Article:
The Indiana Court of Appeals has affirmed a jury’s verdict in a car accident dispute, finding the driver determined most at fault has waived his claims of error.
As Edward Cook was driving in the early morning hours for work, he approached an intersection that driver Mark Beeman was sitting at while he waited for the stop light to turn green. Beeman — whose story of what occurred next differs from Cook’s version of events —then entered the intersection when the traffic signal gave him a green light, and Cook’s car hit the side of Beeman’s vehicle.
The two men gave conflicting testimony during a jury trial in a case brought by Cook, with Cook alleging that he had the green light as he entered the intersection. Beeman, however, testified he waited for the traffic light to turn green before entering the intersection.
When asked on direct examination by his counsel why he didn’t sue Cook, Beeman replied that he had been compensated for his vehicle and wasn’t injured. Although Cook did not object or move to strike the testimony, Cook on cross-examination asked Beeman who compensated him for the vehicle.
After Beeman’s counsel requested a sidebar conference before Beeman answered the question, Cook asked Beeman a different question and his cross-examination continued. Ultimately, the jury rendered a verdict assigning Cook 51% at fault and Beeman 49% at fault.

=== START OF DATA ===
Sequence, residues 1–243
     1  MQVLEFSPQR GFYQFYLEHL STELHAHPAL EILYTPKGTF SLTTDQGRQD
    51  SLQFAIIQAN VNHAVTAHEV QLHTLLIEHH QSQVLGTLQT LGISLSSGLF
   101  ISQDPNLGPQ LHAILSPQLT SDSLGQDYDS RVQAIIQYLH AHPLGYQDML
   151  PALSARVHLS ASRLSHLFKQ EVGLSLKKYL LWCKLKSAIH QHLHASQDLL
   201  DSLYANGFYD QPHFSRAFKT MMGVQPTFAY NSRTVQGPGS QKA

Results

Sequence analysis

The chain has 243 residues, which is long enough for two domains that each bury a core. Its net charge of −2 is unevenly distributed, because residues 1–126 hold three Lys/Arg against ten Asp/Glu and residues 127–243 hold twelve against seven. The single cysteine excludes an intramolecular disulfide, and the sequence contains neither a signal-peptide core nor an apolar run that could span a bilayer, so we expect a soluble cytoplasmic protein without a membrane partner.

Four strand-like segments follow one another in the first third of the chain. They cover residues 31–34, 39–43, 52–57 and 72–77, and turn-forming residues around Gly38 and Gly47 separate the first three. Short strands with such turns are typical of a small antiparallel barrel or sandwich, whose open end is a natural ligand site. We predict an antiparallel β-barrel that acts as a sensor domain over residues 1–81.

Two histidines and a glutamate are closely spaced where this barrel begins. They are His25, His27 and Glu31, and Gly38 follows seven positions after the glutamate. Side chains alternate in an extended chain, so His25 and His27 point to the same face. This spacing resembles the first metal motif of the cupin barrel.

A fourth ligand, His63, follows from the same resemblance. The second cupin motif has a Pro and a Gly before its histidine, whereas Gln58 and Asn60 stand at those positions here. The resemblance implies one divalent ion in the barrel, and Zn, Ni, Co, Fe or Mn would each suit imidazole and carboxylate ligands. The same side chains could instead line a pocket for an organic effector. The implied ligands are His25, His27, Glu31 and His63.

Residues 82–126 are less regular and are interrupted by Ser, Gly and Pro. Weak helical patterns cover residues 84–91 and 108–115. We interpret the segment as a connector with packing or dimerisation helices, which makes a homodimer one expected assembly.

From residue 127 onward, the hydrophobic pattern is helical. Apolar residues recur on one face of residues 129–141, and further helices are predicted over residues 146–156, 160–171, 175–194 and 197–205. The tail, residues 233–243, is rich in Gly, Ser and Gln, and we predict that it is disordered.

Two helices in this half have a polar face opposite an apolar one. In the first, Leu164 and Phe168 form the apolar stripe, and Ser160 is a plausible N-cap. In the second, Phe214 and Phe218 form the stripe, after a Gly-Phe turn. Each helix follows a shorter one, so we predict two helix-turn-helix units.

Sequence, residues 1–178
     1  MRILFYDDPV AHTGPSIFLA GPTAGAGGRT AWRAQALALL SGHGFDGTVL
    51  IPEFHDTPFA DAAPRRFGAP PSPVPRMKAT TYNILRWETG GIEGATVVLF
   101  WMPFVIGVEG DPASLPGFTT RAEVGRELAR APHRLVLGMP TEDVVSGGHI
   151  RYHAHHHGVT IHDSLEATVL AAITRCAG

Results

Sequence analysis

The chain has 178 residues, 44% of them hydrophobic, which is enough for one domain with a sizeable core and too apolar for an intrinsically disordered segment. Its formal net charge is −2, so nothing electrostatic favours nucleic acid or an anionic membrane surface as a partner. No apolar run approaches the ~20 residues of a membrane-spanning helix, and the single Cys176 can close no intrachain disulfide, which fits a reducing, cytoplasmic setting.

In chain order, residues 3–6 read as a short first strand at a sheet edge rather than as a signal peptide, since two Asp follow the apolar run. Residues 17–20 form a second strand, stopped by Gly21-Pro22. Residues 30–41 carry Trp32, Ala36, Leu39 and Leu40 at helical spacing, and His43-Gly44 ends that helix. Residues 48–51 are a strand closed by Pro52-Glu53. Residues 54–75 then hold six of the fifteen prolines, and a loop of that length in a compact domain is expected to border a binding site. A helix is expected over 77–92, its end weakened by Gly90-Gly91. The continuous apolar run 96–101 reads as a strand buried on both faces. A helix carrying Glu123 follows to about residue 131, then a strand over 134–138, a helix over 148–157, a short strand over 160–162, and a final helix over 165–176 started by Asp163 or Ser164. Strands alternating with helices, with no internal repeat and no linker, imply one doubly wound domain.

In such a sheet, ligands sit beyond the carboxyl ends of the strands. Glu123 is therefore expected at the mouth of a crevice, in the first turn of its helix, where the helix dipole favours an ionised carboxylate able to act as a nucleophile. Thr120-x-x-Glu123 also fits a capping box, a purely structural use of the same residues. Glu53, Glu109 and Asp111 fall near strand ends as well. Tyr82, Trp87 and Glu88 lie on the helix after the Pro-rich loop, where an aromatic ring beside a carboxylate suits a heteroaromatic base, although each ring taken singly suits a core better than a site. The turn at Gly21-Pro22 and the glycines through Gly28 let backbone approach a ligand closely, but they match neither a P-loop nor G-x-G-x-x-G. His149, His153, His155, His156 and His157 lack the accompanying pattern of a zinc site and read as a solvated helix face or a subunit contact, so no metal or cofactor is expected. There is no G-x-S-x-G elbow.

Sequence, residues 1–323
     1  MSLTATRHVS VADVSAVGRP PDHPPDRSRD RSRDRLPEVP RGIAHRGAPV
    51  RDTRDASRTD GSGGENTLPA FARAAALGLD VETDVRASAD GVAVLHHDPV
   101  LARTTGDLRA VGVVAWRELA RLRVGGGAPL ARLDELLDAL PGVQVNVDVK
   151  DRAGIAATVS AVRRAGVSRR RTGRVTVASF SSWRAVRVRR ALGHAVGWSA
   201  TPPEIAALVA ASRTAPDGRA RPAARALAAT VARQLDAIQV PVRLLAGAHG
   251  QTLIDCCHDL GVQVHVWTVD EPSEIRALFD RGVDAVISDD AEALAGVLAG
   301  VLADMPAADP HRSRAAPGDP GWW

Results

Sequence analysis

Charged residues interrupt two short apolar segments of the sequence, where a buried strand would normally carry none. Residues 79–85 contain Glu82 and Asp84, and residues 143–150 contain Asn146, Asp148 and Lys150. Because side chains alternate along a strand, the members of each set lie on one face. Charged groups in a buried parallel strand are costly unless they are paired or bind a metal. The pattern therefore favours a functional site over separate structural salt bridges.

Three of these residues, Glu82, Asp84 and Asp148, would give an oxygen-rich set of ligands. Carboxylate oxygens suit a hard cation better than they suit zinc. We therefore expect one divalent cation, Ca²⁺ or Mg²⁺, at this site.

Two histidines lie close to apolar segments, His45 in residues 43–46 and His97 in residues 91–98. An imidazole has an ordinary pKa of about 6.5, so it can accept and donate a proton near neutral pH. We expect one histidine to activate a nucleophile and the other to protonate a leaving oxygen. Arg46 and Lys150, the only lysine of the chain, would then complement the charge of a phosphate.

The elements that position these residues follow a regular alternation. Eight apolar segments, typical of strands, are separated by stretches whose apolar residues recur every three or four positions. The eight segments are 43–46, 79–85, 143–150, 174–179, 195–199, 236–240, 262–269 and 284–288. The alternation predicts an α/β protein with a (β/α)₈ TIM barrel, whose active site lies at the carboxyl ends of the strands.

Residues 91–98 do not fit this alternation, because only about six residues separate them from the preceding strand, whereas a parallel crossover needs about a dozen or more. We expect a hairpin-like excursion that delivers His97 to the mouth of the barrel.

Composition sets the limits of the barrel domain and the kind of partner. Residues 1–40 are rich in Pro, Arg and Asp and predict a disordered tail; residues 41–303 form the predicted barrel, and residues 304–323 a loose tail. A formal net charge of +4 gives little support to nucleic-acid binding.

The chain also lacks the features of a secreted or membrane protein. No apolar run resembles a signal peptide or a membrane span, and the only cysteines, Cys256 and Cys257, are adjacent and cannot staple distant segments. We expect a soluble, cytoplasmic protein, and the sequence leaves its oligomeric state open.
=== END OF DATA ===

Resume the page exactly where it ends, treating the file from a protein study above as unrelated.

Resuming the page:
On appeal, Cook argued the trial court erred in admitting Beeman’s testimony that he did not sue Cook because Beeman was compensated for the damage done to his vehicle. Such testimony, Cook asserted, violated a motion in limine. But the Indiana Court of Appeals found that Cook waived any challenge to Beeman’s testimony because Cook did not object when Beeman was asked why he did not sue Cook.
“Nor did Cook move to strike Beeman’s answer to the question. Therefore, Cook waived any claim that the trial court erred in admitting the testimony,” Judge Melissa May wrote for the appellate court.
Additionally, the appellate court concluded that Cook also waived any objection to the trial court’s limitation on the questions he could ask Beeman about Beeman’s insurance coverage and the trial court’s denial of his motion for mistrial by failing to present an adequate record on appeal.
“Cook’s failure to supplement the record in a timely manner is particularly consequential in this case because we are unable to determine whether Cook moved for a mistrial or what his basis was for such a motion,” the appellate court continued. “Further, we do not know the substance of Beeman’s objection or what the trial court said in issuing its ruling. Therefore, Cook has waived any issues on appeal based on the arguments he made during the inaudible sidebar conference.”
The case is Edward Cook v. Mark A. Beeman and State Farm Mutual Automobile Insurance Company, 19A-CT-2145. https://www.in.gov/judiciary/opinions/pdf/06222002msm.pdf